You now see that the model entity is inserted in the folder of the cabinet (that is how we call the users created Dragon1 repositories).


Drag Shapes onto the Canvas from the Shapes Panel

A model is a set of related entities. So we need to add entities to the canvas.

There are three ways to enter entities on the canvas: By dragging from the shapes panel, by dragging from the Explorer Treeview and by inserting from the button bar (Draw Archifact and Draw Entity).

To add entities to the model:

  • Select a model entity in your folder. You now have a model canvas at your disposal.
  • Drag a basic shape, for instance, the ellipse (a use case) to the canvas.
  • Depending on your settings, you are now asked if this entity needs to be added to the repository. (You see the entity added in the treeview).
  • Switch the setting in your Default Settings (via My Workplace) and drag a basic shape, for instance, the actor and see the difference. (For example, the entity is added automatically in the treeview or not at all). You can setup Dragon1 that best fits your modeling strategy.

Insert Entities via the Drop Down Menu

The second way to insert entities on a model canvas is to use to the drop down menus in the button bar.

To insert entities via the drop down menu:

  • Select a model entity in your folder. You now have a model canvas at your disposal.
  • Insert a shape via the Draw Archifact menu, for instance, a stakeholder.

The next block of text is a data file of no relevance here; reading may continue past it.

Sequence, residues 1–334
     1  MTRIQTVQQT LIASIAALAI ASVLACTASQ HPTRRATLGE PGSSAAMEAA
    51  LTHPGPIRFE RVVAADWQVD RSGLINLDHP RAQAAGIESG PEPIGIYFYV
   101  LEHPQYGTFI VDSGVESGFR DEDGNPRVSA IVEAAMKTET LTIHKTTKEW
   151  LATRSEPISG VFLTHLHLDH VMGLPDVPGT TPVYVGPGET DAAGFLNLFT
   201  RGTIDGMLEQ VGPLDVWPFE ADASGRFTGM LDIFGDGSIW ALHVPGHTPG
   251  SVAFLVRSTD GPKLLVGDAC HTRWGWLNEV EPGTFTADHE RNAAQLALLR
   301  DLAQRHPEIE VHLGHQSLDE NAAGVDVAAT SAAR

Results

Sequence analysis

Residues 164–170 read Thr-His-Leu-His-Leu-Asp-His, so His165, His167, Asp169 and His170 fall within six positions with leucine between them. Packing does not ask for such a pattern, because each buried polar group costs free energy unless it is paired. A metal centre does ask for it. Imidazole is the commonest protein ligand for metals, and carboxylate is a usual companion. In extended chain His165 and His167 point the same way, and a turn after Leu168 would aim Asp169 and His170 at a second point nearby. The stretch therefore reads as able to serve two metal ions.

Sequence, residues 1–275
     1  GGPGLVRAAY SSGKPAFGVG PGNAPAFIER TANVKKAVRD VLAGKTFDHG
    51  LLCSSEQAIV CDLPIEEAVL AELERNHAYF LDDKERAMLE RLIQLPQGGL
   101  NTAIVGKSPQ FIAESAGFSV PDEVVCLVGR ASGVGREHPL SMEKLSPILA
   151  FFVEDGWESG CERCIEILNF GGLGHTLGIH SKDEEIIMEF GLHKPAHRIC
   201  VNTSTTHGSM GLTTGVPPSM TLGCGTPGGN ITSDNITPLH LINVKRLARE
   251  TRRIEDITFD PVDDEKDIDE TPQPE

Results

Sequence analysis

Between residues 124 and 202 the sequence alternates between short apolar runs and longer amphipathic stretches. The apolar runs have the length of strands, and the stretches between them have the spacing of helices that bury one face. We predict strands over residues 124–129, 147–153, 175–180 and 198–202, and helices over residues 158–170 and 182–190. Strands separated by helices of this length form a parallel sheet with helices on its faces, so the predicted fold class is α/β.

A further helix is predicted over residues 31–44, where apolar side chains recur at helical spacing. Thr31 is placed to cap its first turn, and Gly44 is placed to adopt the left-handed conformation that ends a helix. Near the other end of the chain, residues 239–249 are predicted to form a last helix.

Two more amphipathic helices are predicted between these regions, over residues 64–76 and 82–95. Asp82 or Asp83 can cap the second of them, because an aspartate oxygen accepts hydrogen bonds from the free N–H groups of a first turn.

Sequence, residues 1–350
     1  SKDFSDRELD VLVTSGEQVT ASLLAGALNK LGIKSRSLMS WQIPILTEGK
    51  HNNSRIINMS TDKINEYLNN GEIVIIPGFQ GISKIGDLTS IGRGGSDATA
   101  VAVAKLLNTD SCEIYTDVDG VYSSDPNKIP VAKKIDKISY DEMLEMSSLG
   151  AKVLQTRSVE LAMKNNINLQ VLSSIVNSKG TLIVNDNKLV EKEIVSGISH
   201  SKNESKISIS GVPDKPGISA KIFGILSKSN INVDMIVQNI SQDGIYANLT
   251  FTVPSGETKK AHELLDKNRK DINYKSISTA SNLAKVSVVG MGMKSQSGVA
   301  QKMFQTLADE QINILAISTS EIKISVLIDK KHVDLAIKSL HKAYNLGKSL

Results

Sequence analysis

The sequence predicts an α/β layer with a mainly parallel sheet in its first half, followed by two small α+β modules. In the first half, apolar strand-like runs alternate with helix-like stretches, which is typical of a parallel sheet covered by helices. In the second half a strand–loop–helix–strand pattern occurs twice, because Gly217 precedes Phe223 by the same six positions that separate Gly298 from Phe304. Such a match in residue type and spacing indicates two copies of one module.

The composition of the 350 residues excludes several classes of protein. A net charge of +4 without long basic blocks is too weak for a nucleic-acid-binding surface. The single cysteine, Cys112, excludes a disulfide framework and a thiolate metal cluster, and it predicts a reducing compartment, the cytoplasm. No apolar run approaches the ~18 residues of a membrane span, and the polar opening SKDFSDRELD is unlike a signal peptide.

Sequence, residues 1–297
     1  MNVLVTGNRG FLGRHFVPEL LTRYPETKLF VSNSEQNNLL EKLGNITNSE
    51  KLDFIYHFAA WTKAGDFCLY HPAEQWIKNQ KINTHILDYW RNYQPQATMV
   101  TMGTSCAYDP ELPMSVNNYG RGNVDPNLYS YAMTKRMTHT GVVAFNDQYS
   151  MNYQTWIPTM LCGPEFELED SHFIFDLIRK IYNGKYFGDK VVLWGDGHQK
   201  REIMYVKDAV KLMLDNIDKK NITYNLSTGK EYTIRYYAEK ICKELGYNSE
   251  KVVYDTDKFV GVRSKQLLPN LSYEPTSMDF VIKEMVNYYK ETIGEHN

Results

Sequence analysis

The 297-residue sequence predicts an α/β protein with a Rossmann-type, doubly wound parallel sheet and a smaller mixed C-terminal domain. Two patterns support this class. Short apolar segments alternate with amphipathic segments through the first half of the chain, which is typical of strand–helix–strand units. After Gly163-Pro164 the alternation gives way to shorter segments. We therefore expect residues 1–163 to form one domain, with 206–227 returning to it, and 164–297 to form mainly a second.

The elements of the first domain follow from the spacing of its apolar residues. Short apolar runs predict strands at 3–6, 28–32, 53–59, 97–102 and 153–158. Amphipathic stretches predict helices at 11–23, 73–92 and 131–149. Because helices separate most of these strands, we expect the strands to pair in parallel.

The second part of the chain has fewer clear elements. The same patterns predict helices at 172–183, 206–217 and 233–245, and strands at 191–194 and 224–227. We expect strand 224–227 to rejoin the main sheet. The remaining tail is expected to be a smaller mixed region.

• Depending on your settings you are asked if the entity should be added to the repository.
  • Insert a shape via the Draw Entity menu, for instance, a process.
  • Depending on your settings you are asked if the entity should be added to the repository.

You see the entities added in the treeview.


Insert Entities via the Explorer Treeview

The third option to add entities to the model canvas is to drag them from the Explorer treeview to the model canvas.

To insert entities via dragging:

  • Select a model entity in your folder. You now have a model canvas at your disposal.
  • Now select an entity from a folder and drag it to the model canvas (push the mouse button, but do not let go before you have dragged it).
  • Now you see the shape is added onto the canvas.

If the entity was already added to the model canvas, it will not be added again (default setting).


Link Entities to Shapes in the Model